That's not true, as you can get books direct to the Kindle from other stores (at no added wireless cost) and you don't have to convert those to Kindle format, as they are already in the basic format used for the Kindle ('.mobi' or '.prc' formats).

  Details on how that is done can be read at the free-books article section covering direct downloads from other stores.  Direct downloads are available from sites such as Project Gutenberg with its 30,000 free classics,  Feedbooks,  Manybooks,  Fictionwise,  Baen, and other online bookstores.

 (I wrote about this to the Consumer Reports comments area but I don't know if the information will be approved for posting as it may be too detailed because I felt I should name the sites that allow direct downloads to Kindles.)

Advantage Kindle - They cite:
  . The most readable type, describing it as crisper than the iPad's.  Also, they describe the iPad background as having "a blue hue that's a bit harsher on the eyes than the brown-green tinge of the Kindle's."

  . Smaller size and weight.  The screen is described as equal to or approaching the size of pages on many paperbacks and is easily carried in a handbag while the iPad requires a briefcase or a sizeable bag.  that interested me, as it's women who generally carry handbags.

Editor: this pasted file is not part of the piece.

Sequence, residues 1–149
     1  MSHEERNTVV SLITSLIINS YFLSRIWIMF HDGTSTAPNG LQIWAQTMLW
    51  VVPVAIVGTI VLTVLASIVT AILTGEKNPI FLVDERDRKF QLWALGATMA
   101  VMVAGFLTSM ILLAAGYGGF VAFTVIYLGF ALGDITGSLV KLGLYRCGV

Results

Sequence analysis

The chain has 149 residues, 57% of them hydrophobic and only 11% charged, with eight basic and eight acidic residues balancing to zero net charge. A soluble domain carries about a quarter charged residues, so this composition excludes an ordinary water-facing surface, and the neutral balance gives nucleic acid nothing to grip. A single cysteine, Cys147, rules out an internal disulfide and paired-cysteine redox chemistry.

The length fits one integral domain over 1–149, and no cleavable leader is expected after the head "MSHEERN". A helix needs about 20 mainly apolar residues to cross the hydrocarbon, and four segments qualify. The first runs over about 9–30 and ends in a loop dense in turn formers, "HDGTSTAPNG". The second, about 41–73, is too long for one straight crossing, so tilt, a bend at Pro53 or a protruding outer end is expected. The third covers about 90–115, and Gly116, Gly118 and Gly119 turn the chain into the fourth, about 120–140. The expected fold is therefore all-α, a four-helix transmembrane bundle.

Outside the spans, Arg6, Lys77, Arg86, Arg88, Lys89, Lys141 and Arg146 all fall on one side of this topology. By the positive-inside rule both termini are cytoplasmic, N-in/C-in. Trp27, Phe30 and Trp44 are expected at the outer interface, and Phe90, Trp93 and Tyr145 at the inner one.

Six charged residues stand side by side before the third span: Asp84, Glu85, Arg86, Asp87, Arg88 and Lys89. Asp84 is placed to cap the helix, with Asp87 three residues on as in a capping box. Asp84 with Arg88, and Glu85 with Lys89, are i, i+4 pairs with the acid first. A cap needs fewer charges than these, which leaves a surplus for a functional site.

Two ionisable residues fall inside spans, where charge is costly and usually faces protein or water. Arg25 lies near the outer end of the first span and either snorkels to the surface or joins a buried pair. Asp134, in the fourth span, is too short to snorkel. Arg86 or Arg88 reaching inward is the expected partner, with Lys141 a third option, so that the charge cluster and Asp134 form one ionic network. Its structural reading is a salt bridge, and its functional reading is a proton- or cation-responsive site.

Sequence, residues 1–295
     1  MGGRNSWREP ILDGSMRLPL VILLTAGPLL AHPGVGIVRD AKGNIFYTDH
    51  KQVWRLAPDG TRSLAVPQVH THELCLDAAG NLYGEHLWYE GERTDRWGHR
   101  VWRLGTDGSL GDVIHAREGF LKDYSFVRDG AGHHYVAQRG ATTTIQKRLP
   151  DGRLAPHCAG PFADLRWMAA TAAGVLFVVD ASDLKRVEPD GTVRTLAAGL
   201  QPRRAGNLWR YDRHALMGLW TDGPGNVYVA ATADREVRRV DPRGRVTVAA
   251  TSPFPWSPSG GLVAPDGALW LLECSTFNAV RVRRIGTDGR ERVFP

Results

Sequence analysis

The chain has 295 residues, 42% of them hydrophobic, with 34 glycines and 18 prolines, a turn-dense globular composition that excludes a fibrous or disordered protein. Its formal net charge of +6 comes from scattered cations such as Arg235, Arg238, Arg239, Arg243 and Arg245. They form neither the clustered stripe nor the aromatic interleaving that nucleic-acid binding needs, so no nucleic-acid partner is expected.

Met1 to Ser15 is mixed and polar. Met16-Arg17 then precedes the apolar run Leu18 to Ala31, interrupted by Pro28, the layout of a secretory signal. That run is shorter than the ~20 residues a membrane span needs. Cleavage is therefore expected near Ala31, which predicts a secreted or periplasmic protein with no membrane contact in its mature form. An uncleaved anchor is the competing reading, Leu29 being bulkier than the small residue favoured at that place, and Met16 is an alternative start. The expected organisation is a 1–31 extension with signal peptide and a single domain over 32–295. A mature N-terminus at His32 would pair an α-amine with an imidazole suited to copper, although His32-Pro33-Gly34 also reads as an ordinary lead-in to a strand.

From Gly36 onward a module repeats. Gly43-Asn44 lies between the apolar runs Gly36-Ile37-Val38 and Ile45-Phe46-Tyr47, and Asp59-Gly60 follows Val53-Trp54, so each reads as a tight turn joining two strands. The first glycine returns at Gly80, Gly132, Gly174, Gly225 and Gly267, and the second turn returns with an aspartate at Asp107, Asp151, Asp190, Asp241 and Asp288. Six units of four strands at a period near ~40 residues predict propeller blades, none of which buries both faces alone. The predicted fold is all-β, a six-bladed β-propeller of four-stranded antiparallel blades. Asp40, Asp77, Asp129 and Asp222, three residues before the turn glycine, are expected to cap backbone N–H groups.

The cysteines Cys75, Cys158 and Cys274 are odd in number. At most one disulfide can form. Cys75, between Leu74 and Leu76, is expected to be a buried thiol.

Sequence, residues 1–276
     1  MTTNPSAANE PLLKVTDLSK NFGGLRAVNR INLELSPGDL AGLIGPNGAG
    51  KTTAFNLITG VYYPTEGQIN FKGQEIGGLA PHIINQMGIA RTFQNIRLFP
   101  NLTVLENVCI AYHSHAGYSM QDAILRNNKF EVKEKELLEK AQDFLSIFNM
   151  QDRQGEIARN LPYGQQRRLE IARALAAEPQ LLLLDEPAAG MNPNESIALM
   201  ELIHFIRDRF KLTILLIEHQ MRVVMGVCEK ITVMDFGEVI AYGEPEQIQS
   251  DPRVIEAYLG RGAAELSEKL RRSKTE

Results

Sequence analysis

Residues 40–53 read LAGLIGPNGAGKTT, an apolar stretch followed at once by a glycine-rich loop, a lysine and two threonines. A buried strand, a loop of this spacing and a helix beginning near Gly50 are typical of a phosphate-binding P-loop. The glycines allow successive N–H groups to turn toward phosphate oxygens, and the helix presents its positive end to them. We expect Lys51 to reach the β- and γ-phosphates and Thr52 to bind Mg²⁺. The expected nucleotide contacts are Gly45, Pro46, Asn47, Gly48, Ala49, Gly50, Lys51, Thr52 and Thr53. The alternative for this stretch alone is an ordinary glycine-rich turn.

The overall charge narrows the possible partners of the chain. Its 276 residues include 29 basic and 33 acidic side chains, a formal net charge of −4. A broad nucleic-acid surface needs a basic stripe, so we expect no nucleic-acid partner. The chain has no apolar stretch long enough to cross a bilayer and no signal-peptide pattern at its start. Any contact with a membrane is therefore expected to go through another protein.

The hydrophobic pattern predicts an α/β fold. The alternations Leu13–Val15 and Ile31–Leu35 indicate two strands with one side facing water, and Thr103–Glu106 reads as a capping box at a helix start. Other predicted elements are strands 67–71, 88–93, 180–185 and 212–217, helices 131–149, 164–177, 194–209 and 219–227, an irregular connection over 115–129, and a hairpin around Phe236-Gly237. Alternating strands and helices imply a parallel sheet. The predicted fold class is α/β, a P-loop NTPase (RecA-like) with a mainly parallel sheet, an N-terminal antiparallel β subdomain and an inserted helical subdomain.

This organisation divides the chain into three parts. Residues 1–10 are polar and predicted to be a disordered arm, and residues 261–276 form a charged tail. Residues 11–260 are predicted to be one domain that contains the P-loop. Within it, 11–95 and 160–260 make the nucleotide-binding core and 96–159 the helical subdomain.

. A lower price. The Kindle costs $259, "including unlimited 3G access to buy books wherever and whenever you want.  The iPad starts at $499, and a model with 3G access will cost you at least $629, plus monthly (though optional) 3G charges of $15 or $30 to take advantage of that capability."

The bottom line
In fairness to Consumer Reports, see this at their site.  (Let me know if you can't access it unless you're a member, but I think they do have this as a page open to non-members.
  This is a good online magazine subscription to have, as it's easily searchable  (I like it a lot better than trying to find articles in the physical magazine.) Below are ways to Share this post if you'd like others to see it.
-- The Send to Kindle button works well only on Firefox currently.